The Lighter Side of Data Mining

By Linda L. Briggs

Can data analysis be fun? D'es predictive modeling have a lighter side? This spring, MBA students at the University of Washington will compete in a lighthearted “Crack the Case” contest to see who can do the best job analyzing a complex set of data. Using a graphical data analysis tool donated by Tableau Software, which is sponsoring the contest, the 13 teams of 2 to 3 students each will compete for HP notebook computers for the winning team.

A preliminary judging round will select three finalist teams. Those three will then present their case in front of a panel of judges that will include business executives from some high-profile Seattle-based firms, including Starbucks, Microsoft, and Internet traffic firm F5 Networks.

Behind the contest is Dr. Doug “Mac” MacLachlan, professor of marketing and international business at the University of Washington. MacLachlan teaches data mining principals, statistical algorithms and predictive modeling to his MBA students. These topics are so cutting-edge that he hasn’t yet found a suitable textbook.

“Increasingly, to get a sustainable competitive advantage in business, you need to approach decisions analytically,” MacLachlan says. “There’s so much data available that those companies that learn how to use it properly can get a leg up on competitors.”

As a judge, MacLachlan says he’ll be looking at the maturity with which students perform the task using Tableau. “Any data analysis can be confusing,” he says. “There are quirks to the [contest] data that have to be understood before going directly to the result.” Tableau created the simulated data based on real-world information, he says, and “there are some tricky features to it.”

Like many business intelligence products, Tableau aims to help users make sense of masses of data. It differs from other data analysis offerings largely in its simplicity of use and easy-to-grasp, visual presentation of data. The product can take massive amounts of numeric data and, with a minimum amount of user direction, produce colorful, useful charts, graphs, and tables.

MacLachlan decided to try out the Tableau software in his course on database marketing. “It seemed like interesting software to demonstrate how one might do fairly sophisticated kinds of drilling-down into a database,” he says. In class, he typically uses high-end statistical software for tasks like building models to forecast responses to an event like a direct mail campaign.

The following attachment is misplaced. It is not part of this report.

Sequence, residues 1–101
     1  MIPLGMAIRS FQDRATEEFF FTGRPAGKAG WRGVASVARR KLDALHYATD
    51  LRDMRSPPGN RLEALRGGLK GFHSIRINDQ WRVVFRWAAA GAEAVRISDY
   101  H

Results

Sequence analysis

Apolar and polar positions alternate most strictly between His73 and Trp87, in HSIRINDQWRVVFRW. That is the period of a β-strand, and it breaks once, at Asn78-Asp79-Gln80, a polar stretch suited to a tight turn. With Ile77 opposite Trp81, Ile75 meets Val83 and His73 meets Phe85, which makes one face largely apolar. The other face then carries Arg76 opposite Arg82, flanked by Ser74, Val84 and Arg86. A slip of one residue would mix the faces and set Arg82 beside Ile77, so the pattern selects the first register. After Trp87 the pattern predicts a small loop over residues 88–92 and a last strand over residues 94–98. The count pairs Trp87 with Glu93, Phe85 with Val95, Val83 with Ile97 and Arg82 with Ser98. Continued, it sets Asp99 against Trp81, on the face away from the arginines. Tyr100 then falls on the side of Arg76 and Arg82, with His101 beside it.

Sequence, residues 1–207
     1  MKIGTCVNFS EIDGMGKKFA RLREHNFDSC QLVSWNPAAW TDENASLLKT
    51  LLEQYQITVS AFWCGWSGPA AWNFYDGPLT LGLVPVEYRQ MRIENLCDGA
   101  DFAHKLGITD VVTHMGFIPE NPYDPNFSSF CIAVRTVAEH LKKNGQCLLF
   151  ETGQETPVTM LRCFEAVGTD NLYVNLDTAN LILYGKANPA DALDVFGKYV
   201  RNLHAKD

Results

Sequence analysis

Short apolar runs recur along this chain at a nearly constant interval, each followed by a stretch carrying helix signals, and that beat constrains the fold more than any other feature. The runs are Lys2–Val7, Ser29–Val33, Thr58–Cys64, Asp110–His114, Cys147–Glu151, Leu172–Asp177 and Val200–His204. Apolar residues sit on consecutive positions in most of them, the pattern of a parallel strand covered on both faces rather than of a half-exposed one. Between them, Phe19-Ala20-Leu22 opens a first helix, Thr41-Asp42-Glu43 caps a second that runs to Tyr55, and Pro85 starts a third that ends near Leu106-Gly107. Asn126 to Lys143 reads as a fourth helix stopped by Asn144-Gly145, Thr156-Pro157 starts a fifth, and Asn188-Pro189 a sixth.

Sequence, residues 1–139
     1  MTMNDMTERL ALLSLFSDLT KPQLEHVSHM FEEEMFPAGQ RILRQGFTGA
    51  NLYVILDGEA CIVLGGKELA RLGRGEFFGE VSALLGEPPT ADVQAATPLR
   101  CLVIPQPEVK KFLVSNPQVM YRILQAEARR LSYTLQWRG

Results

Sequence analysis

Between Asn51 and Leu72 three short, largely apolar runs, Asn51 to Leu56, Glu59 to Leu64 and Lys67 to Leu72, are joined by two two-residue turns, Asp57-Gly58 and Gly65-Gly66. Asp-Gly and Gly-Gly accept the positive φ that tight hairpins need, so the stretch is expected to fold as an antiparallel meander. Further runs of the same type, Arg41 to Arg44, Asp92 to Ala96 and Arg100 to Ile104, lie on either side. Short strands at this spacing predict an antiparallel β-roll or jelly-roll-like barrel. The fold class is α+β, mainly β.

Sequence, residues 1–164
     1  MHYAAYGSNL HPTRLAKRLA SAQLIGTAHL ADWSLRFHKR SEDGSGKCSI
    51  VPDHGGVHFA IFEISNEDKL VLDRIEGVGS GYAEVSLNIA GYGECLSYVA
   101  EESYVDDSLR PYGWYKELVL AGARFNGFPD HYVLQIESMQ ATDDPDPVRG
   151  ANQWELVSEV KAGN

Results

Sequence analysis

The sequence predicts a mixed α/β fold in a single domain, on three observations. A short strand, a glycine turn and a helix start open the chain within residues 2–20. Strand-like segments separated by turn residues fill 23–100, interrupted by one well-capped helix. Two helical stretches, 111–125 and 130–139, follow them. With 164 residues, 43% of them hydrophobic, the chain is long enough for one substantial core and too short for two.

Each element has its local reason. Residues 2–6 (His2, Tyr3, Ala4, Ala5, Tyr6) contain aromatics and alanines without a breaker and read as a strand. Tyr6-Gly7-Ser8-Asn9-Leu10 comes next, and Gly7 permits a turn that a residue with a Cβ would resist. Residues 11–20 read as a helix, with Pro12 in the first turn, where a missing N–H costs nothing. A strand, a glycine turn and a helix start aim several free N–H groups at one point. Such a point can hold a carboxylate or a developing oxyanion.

However, data mining tools are typically complex and costly. Although MacLachlan uses some products from companies like SPSS Inc. for his database marketing course, and Enterprise Miner from SAS for his doctoral seminar, he can’t always afford the tools he might like to use. For example, SPSS makes a data mining tool called Clementine, but “it’s just too expensive to buy for the students,” MacLachlan says.

One advantage of Tableau is its affordability. A license for classroom use of Tableau Standard, which connects to data in Microsoft Excel and Access, is $499. Tableau Professional, which connects to data in Microsoft SQL Server, Excel, and Access, along with MySQL and Oracle, is $899. Both prices include a year of software upgrades and unlimited technical support. Tableau will also work with faculty who teach courses around data analysis or data visualization. The vendor offers the product at no charge to qualifying instructors. (At the University of Washington, Tableau is letting MacLachlan use the product for three months in class at no charge.)

MacLachlan is evaluating his use of Tableau in class after this term. Since much of what he teaches is oriented toward predictive modeling, in which data is generated partly through experience with customers and partly through experimentation, the product isn’t an exact fit with the course. “My database marketing is oriented more toward statistical algorithms,” he says. “I wouldn’t orient a whole class around [Tableau], but it d'es have some pretty powerful features. You can quickly and powerfully drill down and get at features of the data, but you have to know where you’re looking.”

Learning data analysis techniques is powerful, MacLachlan says, because “students can go out and immediately become her'es in their companies. For the most part, companies haven’t figured out what to do about their data. I can show [students] how to grab the low-hanging fruit pretty quickly.”

Linda Briggs is a freelance writer based in San Diego, California.

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